BUYING / OWNING :  Let’s get back to cost because that’s number 1 in this scenario. I just mentioned how the expense of leasing has gone through the roof and it’s guaranteed to get worse. When you consider what is the better / wiser investment it’s obvious buying wins by a mile. Long term is what you need to be thinking and where you want to put your money. If you’re considering buying you can bet in 99% of the situations you will be buying fewer acres than you would lease that’s just the nature of it. So what ? If you buy it’s yours and YOU will decide how YOU want to manage the place. You will decide who hunts there and what the rules will be. You will post the place and you will take care of it. At the end of the day it’s you who reaps the rewards not someone else. Consider leasing a property where you have the opportunity to plant food plots , build some trails and turn the place into a great hunting spot. If you’ve done these kind of things before then you know it’s expensive , real expensive sometimes. Maybe you have a 2 year lease and after year one your clover ,alfalfa , chicory etc. is really starting to take off. Now your lease is up and the owner decides he doesn’t want to renew. This happens ALL the time make no mistake about it. All your work and money is flushed and there’s no way to get it back. I’ve planted food plots for years and can tell you 1st hand it’s expensive as hell and takes a LOT of work. If you’re going to spend your time and money improving a property my advice is to make sure you own it. When you make these improvements to the land it will pay you back I promise. I’ve made my own land a “life’s work” so to speak and have turned it into the best hunting land I’ve ever been on. The work itself is more fun than you can imagine and seeing the work pay off is about the biggest kick in the world , other than having kids ! I’ve never been a believer the grass is greener somewhere else. What we read about and see on TV doesn’t interest me in the least. Traveling across the country to hunt someone else’s land , kill some deer I’ve never seen before and pay a lot to do it has no attraction to me. I’ve always been a believer “I can do that here and do it myself” , even though I can’t. So I don’t have record book bucks on my property , who gives a damn? I don’t and I never will. The satisfaction that comes from managing your own land and improving it is beyond even what I expected it to be. I buy and sell land for a living and I never thought I could have the fun I have just fooling around on my own little hunting spot. The investment pays off not only in the hunting but the VALUE of the place as a whole. If you had to sell the place your trails and food plots would be attractive to anyone who was interested in buying it. You wouldn’t be doing all this for someone else to benefit and THAT is most important.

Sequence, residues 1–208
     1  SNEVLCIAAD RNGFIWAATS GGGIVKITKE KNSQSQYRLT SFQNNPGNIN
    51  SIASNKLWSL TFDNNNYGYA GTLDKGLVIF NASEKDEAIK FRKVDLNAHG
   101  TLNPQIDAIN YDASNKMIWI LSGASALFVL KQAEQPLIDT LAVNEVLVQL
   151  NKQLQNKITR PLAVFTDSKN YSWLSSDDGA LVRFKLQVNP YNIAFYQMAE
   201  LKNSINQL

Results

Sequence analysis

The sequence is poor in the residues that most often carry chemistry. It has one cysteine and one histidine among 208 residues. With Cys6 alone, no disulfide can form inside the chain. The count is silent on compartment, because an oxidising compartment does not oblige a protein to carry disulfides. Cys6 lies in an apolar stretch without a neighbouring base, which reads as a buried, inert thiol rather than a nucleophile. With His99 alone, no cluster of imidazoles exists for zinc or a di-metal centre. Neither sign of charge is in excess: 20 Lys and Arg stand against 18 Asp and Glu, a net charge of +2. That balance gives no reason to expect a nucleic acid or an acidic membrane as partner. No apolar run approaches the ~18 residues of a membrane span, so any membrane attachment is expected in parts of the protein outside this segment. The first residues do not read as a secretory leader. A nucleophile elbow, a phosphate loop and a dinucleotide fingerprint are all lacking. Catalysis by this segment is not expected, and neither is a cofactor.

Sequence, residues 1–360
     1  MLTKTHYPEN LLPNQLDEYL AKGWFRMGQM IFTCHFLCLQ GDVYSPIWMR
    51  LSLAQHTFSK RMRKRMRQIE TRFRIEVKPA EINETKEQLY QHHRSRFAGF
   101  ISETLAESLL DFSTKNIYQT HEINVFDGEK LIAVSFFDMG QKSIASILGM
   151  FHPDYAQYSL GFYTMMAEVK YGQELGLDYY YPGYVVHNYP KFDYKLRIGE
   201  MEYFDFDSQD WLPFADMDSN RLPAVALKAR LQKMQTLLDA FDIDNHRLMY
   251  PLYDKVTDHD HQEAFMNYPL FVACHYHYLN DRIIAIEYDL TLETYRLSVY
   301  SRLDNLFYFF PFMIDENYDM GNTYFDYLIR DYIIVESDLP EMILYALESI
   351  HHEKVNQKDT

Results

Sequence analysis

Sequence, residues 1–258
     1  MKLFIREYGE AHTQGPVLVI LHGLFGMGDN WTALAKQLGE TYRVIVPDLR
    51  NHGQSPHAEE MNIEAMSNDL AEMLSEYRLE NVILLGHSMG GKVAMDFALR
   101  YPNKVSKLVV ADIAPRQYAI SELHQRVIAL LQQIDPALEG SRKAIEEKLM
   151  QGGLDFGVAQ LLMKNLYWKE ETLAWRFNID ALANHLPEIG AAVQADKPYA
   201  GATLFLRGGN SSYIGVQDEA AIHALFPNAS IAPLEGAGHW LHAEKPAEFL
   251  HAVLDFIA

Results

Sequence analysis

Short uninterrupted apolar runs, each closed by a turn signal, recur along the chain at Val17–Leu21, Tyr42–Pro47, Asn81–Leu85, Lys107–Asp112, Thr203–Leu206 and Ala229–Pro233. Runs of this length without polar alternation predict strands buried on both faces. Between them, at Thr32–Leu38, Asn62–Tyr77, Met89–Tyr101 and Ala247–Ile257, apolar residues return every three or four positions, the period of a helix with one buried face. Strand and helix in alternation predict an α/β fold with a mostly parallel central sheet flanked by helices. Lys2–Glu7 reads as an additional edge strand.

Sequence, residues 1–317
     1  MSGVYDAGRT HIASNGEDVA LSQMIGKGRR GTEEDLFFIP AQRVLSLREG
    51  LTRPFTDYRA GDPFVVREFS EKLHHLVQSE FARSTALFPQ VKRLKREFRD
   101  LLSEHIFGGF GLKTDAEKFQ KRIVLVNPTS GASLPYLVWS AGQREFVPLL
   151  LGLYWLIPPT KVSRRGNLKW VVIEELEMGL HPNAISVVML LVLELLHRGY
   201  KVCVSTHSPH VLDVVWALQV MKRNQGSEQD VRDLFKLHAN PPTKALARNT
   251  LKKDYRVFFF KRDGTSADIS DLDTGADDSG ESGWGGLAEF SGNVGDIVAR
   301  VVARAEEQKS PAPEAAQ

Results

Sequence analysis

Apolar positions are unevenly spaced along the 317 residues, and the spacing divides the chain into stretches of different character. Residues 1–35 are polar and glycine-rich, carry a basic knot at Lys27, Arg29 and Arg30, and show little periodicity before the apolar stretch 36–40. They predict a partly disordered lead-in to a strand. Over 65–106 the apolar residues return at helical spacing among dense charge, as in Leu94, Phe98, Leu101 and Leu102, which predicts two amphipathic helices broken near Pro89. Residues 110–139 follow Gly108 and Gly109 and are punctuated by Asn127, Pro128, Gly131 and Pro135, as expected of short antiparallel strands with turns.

So now what ? Well you can go either way depending on your goals and where you want to spend your time and money. Just keep in mind this is an investment , treat it as such. Do not get into anything on a whim , DO YOUR RESEARCH ! Take a long hard look at what all this will cost you in the long run and where you’re best suited to be spending your hard earned dollars and precious time. Both are in short supply these days so be wise with money and time. Long term , I believe , is the only way to approach this. To truly improve a place and realize the rewards takes time and patience. Go at it educated and ready for the commitment. If it’s buying you’re interested in you can start your research right here . As always I appreciate you stopping by , I hope this was worth your time. If you’ve read all this you’ve spent more time than you probably should have ! Best of luck in your pursuit , please SIGN UP for the latest and greatest when it comes to land ownership opportunities and for God’s sake share will ya ?     see ya soon.   mj